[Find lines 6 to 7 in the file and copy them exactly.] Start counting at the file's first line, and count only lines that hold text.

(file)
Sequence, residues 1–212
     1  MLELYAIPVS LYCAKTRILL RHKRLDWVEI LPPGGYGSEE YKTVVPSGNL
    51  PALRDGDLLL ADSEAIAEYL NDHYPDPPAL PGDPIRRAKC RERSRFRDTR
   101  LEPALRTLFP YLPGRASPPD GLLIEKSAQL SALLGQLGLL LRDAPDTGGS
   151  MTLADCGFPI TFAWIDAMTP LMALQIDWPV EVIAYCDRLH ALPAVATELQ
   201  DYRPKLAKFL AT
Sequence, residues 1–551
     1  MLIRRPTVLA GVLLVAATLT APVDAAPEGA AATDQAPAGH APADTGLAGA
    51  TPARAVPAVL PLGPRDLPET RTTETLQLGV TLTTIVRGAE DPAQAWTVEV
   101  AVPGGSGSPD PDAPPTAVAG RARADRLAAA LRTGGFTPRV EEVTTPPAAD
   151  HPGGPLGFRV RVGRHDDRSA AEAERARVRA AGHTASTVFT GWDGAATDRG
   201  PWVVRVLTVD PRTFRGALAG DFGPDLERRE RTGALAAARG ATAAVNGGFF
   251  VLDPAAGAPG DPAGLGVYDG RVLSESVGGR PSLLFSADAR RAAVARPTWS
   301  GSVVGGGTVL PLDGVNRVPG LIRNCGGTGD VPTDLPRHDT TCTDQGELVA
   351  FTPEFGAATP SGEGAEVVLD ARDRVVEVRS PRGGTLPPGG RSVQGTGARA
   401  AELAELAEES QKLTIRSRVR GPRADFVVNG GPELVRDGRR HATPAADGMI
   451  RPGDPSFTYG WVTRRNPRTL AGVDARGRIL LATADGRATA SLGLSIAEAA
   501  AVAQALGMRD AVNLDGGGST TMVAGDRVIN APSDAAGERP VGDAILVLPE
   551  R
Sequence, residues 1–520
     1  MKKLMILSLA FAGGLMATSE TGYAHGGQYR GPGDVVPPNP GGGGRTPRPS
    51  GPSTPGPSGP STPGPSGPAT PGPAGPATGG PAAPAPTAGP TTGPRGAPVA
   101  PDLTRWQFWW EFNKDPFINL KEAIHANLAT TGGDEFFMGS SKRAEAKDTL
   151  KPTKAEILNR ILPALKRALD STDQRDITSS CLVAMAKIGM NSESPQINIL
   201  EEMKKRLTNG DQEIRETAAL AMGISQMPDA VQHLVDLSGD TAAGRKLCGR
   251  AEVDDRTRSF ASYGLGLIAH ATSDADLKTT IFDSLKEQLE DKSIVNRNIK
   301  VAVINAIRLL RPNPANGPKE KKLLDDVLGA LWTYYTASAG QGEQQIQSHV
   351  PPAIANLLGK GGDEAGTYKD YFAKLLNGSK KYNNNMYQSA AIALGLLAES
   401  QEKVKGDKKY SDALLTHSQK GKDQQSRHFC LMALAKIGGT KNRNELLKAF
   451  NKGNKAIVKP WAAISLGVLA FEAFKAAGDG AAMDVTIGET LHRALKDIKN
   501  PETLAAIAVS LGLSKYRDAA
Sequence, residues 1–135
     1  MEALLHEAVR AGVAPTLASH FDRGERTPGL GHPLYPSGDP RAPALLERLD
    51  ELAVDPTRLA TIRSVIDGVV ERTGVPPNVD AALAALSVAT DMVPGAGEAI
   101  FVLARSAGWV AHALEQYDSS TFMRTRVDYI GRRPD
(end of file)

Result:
   201  DYRPKLAKFL AT
Sequence, residues 1–551